Thousands of migratory songbirds invading his homeland in the spring and summer do not intimidate the Chickadee; going about his business as usual with what appears to be a single mindedness of purpose.

It has an almost fearless and inquisitive nature which comes across as friendliness.

Not the most colorful songbird but it is one of the cutest you will see.  

One of nature’s finest, the Black-capped Chickadee.

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2017 Calendar

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For the second year I have put together a Birds Of The Great Swamp Conservancy calendar. They will be available at The GSC nature center located at the corners of Pine Ridge Road and North Main Street, Canastota, New York for the price of 10 dollars (all profits going to the GSC). 

American Robin  (March)robin-7644

Your purchase gets you a quality product produced by the Oneida Print Shop

Great Blue Heron  (May)great-blue-heron-1108

And too you’re promoting environmental education and conservation. That’s a win-win.

Tree Swallow  (January)tree-swallow-7964

So why not stop at the GSC, (store hours are Tuesday thru Saturday 10 until 3) and get yours? Better yet, pick one or more up as you attend one of their special events (check out their website).

Wood Duck  (November)finished-wood-duck-5980

In closing I want to comment on The Fall Migration Festival. There was so much going on, from many games for children to a nature walk in the woods, horse rides to Chicken BBQ, birds of prey exhibitors to fun basket raffles, live music wafting in the air to the great photos and insight from the GSC’s own Swamp Snappers photo club. There were crafters ( I bought some goat cheese, it was delicious) and their wares to very informative nature talks with representatives of the Beaver Lake Nature Center, and so much more.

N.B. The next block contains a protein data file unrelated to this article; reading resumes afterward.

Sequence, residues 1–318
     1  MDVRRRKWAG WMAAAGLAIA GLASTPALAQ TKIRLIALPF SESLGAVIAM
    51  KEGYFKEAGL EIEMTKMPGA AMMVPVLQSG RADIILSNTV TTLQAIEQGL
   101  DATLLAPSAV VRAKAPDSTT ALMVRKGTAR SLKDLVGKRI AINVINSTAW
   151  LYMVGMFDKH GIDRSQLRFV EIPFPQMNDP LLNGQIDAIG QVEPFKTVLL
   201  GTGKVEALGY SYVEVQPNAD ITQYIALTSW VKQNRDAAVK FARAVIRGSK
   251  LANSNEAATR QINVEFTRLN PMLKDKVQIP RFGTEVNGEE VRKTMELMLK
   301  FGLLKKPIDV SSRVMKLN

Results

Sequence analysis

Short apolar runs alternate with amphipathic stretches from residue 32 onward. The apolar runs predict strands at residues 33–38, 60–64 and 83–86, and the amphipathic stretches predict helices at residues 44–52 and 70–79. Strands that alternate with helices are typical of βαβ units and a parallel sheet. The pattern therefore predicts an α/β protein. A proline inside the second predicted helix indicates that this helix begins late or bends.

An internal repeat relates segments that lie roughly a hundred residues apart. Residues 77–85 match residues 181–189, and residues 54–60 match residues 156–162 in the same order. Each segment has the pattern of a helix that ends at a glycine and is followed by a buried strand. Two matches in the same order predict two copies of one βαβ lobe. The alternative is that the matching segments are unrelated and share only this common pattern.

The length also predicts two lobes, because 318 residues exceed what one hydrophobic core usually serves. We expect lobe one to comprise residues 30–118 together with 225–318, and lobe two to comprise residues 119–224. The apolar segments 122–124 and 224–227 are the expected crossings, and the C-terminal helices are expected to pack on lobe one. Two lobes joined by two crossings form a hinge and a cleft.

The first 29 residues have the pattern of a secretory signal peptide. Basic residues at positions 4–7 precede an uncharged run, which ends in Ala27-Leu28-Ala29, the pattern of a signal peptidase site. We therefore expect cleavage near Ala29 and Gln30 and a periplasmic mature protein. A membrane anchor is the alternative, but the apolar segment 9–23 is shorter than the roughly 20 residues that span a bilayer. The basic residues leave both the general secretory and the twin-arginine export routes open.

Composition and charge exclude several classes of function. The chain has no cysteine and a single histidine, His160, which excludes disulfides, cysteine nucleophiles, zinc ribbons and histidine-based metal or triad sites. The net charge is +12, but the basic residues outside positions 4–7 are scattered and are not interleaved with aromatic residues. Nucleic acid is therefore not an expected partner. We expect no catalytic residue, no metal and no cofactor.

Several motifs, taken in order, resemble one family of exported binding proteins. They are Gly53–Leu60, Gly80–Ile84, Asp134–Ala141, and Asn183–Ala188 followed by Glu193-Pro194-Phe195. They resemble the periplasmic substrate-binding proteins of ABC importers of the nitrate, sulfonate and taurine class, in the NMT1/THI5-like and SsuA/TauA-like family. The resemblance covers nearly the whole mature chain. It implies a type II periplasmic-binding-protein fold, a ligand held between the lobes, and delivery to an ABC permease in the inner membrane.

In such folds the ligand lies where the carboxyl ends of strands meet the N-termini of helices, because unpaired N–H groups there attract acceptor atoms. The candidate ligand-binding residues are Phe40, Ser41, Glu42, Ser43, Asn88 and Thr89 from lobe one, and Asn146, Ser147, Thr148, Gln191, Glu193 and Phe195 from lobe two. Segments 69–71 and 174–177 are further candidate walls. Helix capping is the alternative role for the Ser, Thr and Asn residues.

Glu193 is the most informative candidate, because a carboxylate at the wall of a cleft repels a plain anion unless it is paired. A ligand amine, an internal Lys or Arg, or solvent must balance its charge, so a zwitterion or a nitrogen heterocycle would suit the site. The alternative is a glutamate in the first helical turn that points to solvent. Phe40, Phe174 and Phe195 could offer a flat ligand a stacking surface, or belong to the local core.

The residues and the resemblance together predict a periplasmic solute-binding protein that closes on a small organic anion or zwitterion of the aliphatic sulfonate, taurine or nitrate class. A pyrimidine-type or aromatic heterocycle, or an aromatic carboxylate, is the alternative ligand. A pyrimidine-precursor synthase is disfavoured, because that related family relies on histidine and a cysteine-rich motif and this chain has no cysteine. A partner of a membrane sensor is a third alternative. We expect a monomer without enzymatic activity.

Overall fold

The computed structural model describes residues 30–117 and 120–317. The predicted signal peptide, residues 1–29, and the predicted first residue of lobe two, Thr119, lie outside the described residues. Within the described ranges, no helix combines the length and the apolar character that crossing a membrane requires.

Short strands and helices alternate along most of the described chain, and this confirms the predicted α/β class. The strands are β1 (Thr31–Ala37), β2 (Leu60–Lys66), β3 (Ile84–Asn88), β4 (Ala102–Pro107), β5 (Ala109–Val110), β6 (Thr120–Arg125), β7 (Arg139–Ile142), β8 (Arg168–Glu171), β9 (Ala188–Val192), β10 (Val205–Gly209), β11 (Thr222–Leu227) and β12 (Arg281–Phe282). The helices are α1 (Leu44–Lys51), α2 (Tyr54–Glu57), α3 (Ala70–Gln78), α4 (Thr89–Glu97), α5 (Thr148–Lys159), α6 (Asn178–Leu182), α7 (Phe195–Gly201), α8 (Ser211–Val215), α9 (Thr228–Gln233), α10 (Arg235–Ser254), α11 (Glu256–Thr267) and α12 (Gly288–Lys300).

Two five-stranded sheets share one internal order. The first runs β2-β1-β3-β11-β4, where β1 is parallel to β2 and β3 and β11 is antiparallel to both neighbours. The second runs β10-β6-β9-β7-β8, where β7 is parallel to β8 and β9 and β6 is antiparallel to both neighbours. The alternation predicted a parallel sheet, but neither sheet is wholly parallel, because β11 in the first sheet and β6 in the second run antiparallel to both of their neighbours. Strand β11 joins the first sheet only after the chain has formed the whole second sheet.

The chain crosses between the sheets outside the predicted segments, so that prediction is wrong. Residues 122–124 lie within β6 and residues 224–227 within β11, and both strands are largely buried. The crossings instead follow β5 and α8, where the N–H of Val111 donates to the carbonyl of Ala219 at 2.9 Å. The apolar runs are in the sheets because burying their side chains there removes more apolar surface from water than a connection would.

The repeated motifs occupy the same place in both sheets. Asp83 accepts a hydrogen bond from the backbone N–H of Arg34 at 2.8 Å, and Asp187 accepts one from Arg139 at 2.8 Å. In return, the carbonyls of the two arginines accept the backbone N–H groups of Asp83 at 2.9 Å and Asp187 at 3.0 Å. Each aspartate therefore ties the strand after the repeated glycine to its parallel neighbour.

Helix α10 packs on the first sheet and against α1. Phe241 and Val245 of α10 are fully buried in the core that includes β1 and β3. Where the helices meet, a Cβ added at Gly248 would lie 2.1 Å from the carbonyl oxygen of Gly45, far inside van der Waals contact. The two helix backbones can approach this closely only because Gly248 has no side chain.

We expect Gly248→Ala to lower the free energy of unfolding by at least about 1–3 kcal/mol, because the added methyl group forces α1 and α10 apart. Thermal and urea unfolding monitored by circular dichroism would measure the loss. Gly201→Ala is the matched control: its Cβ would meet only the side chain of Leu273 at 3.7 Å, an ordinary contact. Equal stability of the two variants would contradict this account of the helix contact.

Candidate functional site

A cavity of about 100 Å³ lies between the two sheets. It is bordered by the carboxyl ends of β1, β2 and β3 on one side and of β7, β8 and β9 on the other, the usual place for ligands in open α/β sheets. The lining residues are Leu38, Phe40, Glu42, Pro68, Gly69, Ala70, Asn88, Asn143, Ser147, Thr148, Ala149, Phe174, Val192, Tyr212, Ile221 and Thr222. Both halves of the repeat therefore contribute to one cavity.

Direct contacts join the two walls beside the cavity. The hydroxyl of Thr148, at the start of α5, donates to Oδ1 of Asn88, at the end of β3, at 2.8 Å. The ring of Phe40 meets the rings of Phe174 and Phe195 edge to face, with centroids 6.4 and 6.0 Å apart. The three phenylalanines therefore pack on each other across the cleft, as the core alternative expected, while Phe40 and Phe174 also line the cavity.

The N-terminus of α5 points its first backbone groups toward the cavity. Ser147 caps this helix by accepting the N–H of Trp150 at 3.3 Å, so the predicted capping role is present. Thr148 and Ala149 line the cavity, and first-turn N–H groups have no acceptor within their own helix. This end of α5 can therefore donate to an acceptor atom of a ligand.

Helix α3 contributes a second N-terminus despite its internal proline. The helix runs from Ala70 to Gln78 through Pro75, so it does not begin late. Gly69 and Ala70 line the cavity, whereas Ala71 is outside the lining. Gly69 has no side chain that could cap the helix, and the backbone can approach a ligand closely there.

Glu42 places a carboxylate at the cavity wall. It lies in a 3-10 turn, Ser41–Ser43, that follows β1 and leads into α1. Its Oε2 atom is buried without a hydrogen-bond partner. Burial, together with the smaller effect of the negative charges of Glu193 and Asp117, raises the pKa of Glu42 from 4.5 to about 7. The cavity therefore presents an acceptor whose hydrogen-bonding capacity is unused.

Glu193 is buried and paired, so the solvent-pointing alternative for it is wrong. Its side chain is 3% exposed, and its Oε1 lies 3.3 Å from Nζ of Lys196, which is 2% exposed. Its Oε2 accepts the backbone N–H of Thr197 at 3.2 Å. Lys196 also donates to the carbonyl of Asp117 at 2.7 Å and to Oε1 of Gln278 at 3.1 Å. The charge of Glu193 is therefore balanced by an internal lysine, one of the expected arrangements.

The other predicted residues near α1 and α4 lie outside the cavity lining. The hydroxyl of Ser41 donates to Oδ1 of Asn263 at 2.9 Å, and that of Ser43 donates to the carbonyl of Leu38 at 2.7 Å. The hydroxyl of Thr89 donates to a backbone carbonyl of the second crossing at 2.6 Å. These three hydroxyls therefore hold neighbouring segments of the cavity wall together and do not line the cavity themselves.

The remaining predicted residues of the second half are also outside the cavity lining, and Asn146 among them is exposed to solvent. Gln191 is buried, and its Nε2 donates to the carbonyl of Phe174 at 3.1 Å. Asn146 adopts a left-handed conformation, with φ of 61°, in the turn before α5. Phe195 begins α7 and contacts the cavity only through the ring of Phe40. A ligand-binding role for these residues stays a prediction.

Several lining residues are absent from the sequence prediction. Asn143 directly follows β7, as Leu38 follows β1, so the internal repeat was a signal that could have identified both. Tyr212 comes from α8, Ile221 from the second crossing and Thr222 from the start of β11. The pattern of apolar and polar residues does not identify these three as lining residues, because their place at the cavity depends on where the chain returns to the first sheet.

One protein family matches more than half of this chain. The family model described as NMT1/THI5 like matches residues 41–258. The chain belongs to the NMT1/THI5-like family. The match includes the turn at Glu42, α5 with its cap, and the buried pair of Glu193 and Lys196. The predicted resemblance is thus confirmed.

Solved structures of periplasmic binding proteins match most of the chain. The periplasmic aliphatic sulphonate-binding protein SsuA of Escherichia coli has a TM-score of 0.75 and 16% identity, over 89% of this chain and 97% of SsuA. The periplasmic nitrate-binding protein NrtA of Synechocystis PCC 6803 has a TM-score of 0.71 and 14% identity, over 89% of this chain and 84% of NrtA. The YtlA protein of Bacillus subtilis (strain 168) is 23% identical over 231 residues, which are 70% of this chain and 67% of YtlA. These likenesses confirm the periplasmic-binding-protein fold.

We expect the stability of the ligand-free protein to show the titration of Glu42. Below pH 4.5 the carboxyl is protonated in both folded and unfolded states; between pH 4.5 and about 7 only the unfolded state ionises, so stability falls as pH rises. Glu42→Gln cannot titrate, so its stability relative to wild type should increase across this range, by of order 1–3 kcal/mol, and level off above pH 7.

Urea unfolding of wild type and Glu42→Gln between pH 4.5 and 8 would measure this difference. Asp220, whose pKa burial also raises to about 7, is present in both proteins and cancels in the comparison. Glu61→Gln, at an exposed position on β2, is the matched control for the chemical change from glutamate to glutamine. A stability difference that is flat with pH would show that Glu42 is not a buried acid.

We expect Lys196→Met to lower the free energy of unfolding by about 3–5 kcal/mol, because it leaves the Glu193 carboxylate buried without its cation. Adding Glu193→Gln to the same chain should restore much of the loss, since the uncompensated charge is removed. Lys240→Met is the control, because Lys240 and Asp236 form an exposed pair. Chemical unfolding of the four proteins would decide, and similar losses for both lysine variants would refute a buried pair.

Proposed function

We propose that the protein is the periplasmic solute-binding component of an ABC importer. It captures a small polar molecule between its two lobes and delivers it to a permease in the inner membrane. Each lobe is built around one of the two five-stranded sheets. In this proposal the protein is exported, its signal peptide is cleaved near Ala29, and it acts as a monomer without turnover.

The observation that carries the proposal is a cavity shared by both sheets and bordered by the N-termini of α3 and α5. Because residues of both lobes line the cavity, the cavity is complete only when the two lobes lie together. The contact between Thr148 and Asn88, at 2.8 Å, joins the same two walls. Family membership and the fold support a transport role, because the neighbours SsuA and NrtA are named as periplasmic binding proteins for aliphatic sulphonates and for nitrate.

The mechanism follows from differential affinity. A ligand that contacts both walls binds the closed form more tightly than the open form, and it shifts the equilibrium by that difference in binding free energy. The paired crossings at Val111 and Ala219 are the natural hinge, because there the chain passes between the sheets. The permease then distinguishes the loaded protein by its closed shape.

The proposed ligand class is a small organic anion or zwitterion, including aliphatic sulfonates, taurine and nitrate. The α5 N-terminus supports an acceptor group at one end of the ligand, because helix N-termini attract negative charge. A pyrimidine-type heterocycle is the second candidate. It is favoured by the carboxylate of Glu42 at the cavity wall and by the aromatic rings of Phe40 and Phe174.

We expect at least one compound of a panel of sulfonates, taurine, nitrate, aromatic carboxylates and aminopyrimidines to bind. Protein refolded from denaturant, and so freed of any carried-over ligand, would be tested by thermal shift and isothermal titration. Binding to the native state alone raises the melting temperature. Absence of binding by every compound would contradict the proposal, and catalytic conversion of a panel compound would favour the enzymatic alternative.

It was a great event. The best part for me was seeing the smiles on everyones faces. It was nice to see children and parents alike, having fun together. If you are looking for something to do with your family think of attending one of the GSC’s many events. They are both informative and fun; events a family can enjoy together.

This was all made possible by many hardworking volunteers. I want to say to all the volunteers, your hard work paid off, it was evident in the smiles of the attendees.